Rain on Sunday may spell some respite from air pollution in Delhi | delhi | Hindustan Times
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Rain on Sunday may spell some respite from air pollution in Delhi

With the weathermen predicting light rain on Sunday, Delhi residents may get some respite from the bad air quality in the national capital.

delhi Updated: Feb 06, 2017 08:49 IST
A Mariyam Alavi
Rain has a washout effect on air pollution, as it was seen on the days following Republic Day
Rain has a washout effect on air pollution, as it was seen on the days following Republic Day (Sonu Mehta/HT Photo)

With the weathermen predicting light rain on Sunday, Delhi residents may get some respite from the bad air quality in the national capital.

“Rain has a washout effect on air pollution, as it was seen on the days following Republic Day when we got continuous rainfall. So rain also helps you understand how clean the air in Delhi can be, if we can get the pollution causing elements under control,” said Anumita Roychowdhury, the executive director of the Centre of Science and Environment.

According to the System of Air Quality and Weather Forecasting and Research (SAFAR), an air quality monitoring app instituted by the Ministry of Earth Science, Air Quality levels in Delhi are expected to improve from Saturday’s average of ‘very poor’ levels to ‘poor’ levels on Sunday.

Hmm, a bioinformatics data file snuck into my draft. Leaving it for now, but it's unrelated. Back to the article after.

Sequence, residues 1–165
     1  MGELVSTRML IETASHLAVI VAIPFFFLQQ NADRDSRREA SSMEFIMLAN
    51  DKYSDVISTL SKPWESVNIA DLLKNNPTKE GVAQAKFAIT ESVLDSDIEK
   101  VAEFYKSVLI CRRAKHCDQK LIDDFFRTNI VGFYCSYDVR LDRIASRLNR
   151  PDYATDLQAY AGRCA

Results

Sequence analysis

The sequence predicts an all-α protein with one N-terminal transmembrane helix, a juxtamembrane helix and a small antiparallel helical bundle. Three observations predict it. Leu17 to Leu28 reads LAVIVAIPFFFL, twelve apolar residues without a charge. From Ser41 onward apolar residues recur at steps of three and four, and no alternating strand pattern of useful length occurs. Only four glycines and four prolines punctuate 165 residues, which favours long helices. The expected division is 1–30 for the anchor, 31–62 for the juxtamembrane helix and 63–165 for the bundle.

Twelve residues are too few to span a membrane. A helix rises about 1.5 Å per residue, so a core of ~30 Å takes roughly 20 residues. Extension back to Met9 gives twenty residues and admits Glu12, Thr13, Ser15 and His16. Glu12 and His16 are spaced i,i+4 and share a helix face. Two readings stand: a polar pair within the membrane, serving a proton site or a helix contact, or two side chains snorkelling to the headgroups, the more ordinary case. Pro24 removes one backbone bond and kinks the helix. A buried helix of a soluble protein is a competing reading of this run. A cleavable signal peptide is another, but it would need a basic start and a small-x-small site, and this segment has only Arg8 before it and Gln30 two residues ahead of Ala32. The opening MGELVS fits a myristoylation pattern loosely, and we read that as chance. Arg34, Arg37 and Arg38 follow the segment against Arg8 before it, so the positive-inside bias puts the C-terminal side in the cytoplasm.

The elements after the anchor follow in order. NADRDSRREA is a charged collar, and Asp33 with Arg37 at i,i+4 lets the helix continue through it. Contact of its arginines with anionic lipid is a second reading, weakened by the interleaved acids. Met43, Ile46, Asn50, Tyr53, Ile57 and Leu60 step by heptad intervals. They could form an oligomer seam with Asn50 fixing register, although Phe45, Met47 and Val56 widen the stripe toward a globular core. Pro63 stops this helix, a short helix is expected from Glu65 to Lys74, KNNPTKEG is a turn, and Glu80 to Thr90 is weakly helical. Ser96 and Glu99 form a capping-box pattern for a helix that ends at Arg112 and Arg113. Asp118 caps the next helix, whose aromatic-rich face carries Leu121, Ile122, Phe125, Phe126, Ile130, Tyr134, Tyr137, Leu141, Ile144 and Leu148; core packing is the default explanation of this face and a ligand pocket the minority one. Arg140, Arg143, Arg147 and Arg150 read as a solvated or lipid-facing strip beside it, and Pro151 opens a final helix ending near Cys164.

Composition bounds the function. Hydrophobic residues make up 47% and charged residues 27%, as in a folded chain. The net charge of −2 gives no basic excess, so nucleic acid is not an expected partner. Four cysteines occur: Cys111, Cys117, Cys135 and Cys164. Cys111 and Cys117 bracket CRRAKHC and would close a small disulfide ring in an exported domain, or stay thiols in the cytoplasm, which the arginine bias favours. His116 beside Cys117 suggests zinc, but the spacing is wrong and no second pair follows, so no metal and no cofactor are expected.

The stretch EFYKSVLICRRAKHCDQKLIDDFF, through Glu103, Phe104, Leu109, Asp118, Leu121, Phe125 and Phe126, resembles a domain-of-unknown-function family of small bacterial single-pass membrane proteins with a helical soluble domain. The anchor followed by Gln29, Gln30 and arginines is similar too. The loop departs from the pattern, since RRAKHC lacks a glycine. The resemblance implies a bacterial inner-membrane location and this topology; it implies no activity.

The Regional Weather Forecasting Centre (RWFC) has predicted light rain or drizzle in parts of the national capital on Sunday. Temperatures are expected to range between 23 and 14 degrees Celsius.

Saturday was also a relatively warm day, with temperatures not dipping below 11.9 degrees Celsius, and hitting 23.2 degrees Celsius during the course of the day; a sign that we are nearing the end of winter in the city, according to experts.

“Winters usually see the worst kind of pollution, but with sources of pollution being present continuous air quality will still be bad in Delhi. At the end of winter, we will not see ‘severe’ levels of pollution as frequently, but the ‘poor’ and ‘very poor’ levels can be just as bad,” warned Roychowdhury.